Nigel, whose father jointly owned “Hently Garments”, then went to England and when he came back brought back the first pair of shoes that we has seen with extended toes and slim ties that were square at the bottom.

Jill Duncan who was Frankie David’s neighbor held a party at their School Lane house, to celebrate her 18th birthday and Nigel and the others were there in all their finery.

This must have been the time for parties as another good friend Fazi had his birthday next and the boys had a great time playing air trumpet, double base, etc, with Ed Rowlands on air drums.

A few months before I left for Australia, my Grand-father offered me the MG that my Uncle George Rowlands used to race. We towed the car to No 16 Palmyrah Avenue and set about getting it into working order. We replaced the floor and various parts of the engine, such as the carburetor, battery and alternator and finally had it road worthy. The registration had not expired and this was a blessing.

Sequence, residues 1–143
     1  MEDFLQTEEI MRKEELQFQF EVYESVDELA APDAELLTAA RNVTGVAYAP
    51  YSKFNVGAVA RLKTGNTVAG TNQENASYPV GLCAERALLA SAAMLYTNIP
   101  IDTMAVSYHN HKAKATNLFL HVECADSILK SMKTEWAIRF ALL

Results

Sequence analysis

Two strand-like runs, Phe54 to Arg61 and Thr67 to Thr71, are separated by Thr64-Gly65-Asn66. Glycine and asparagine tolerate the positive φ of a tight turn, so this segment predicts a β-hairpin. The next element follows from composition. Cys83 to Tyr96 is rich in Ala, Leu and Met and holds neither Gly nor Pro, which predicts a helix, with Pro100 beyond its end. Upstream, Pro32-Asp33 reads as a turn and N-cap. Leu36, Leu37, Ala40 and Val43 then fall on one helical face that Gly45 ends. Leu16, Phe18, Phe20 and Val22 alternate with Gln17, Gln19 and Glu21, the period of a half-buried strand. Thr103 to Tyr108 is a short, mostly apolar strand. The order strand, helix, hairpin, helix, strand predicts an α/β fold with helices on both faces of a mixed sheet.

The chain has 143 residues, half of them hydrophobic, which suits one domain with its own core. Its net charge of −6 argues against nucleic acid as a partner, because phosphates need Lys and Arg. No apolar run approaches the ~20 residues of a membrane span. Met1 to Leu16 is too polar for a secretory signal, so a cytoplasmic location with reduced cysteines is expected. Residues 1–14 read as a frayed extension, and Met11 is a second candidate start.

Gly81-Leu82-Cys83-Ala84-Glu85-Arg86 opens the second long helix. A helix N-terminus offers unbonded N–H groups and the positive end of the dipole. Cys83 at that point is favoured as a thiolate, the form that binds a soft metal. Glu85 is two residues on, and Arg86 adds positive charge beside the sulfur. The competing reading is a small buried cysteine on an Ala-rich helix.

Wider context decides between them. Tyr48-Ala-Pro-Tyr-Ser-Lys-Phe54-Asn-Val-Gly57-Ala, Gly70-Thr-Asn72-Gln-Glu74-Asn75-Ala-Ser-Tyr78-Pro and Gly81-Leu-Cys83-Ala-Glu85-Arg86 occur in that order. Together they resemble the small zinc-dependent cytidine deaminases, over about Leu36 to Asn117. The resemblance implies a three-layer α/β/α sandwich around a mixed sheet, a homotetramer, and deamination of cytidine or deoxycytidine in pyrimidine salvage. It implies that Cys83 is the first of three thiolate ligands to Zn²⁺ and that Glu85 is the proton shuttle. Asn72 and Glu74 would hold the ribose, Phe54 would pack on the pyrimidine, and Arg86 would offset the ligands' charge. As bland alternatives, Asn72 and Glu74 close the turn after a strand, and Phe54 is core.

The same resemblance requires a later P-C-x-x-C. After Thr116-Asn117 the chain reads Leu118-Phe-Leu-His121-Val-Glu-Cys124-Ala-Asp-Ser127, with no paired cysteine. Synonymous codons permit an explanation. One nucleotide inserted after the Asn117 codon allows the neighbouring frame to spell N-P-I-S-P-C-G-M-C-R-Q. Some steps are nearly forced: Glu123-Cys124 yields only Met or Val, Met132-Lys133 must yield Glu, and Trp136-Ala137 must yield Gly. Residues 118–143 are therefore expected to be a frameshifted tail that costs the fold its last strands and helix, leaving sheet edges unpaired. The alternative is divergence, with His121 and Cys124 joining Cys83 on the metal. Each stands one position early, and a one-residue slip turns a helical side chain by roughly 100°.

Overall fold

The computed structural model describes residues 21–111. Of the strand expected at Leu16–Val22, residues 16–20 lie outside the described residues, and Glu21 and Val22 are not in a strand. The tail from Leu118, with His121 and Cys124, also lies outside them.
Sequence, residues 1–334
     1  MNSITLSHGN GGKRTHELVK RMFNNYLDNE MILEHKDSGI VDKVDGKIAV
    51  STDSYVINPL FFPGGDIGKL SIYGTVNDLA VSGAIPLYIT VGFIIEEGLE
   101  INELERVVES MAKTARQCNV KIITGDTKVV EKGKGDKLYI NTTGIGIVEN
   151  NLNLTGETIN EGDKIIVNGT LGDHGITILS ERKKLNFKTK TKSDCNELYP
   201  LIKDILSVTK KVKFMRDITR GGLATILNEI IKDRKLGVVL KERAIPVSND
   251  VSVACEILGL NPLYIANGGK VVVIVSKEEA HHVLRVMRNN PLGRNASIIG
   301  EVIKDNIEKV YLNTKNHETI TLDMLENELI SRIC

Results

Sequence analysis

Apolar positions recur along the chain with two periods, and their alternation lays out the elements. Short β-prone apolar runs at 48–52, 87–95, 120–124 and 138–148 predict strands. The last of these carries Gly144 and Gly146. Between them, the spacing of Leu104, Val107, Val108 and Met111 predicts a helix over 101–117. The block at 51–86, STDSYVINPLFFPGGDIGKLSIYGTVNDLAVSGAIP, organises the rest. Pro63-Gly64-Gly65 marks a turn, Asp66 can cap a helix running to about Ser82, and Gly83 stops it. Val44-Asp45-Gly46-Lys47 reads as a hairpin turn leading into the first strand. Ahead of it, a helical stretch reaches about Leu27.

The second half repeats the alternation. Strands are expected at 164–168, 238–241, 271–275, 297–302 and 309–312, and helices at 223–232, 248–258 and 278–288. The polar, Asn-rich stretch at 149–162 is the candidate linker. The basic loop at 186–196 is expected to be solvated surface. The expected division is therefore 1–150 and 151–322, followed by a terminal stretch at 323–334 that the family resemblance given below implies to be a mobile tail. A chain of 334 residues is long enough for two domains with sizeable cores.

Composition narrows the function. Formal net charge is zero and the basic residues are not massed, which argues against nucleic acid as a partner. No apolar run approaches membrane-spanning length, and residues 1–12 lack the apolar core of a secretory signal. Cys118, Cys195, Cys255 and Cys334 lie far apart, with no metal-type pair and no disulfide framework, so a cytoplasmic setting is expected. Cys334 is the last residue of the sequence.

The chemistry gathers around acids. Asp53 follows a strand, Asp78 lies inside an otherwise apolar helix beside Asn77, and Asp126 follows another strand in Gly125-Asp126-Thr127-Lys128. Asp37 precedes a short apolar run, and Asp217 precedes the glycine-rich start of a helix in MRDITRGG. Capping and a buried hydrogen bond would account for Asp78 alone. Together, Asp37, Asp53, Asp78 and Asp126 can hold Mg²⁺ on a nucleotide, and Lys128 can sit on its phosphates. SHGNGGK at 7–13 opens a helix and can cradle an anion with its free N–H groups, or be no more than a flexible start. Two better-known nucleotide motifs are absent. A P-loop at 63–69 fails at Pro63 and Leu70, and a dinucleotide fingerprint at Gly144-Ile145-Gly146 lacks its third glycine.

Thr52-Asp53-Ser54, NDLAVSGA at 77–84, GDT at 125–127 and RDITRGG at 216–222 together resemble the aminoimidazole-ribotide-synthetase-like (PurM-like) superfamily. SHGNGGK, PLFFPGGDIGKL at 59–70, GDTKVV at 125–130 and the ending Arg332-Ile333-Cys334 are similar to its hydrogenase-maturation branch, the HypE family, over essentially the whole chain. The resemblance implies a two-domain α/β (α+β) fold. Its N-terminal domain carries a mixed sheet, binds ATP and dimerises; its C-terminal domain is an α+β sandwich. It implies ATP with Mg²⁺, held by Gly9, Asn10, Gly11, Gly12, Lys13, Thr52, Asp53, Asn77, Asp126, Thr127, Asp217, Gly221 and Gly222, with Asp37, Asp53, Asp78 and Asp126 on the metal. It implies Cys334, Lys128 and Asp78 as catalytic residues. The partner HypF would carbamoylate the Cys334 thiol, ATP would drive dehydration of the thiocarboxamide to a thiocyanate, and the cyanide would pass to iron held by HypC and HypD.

I drove the car to all my friends’ houses and took them for a ride, but the most outstanding journey was driving to the Rugby to impress the girls. John Rodie remembers us taking the car to “Independence Square” and doing wheelies with every one hanging on in the back. Unfortunately, because the car had been modified to racing car standard and the inlet ports had been polished to such an extent that it took a lot of fuel to keep it on the road. Being young men with no jobs and having to depend on our parents for “Petrol Money” meant that the outings became fewer and fewer as time went on. Anyway, it was great while it lasted.

The Red MG TC